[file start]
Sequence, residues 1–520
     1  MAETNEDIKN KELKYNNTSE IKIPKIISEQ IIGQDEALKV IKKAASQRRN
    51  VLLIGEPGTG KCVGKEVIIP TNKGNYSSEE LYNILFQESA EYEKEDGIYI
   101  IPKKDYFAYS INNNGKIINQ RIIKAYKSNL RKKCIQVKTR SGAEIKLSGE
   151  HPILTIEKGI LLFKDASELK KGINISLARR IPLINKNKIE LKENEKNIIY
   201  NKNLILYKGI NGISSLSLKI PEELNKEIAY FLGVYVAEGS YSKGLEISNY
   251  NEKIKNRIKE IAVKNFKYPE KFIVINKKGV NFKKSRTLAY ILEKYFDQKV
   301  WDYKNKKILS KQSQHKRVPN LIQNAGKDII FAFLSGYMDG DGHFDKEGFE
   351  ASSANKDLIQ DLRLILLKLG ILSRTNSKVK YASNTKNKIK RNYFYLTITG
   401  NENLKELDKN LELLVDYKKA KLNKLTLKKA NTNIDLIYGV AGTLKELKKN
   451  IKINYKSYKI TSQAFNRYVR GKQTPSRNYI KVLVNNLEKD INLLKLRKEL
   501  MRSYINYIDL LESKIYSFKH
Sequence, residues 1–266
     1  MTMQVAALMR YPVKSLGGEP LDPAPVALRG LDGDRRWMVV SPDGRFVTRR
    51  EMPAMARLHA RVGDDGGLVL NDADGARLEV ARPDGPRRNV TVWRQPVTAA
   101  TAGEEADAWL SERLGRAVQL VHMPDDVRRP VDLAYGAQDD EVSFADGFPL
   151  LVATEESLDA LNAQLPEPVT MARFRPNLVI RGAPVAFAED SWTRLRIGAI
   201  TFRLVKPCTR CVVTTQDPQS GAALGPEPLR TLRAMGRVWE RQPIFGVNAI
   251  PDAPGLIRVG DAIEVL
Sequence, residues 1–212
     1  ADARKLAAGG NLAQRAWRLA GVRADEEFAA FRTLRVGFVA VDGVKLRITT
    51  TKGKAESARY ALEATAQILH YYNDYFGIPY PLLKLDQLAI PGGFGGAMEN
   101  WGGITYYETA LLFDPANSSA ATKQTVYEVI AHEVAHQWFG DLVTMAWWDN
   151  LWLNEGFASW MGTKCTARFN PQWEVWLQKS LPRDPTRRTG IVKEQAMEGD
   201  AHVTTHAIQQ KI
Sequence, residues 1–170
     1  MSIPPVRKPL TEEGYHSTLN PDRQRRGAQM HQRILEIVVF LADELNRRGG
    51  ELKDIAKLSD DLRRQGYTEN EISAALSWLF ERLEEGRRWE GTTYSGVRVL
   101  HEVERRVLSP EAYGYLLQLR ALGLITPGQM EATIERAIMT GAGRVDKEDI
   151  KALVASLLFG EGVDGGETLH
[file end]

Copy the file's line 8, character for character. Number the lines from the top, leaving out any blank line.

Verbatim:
   301  WDYKNKKILS KQSQHKRVPN LIQNAGKDII FAFLSGYMDG DGHFDKEGFE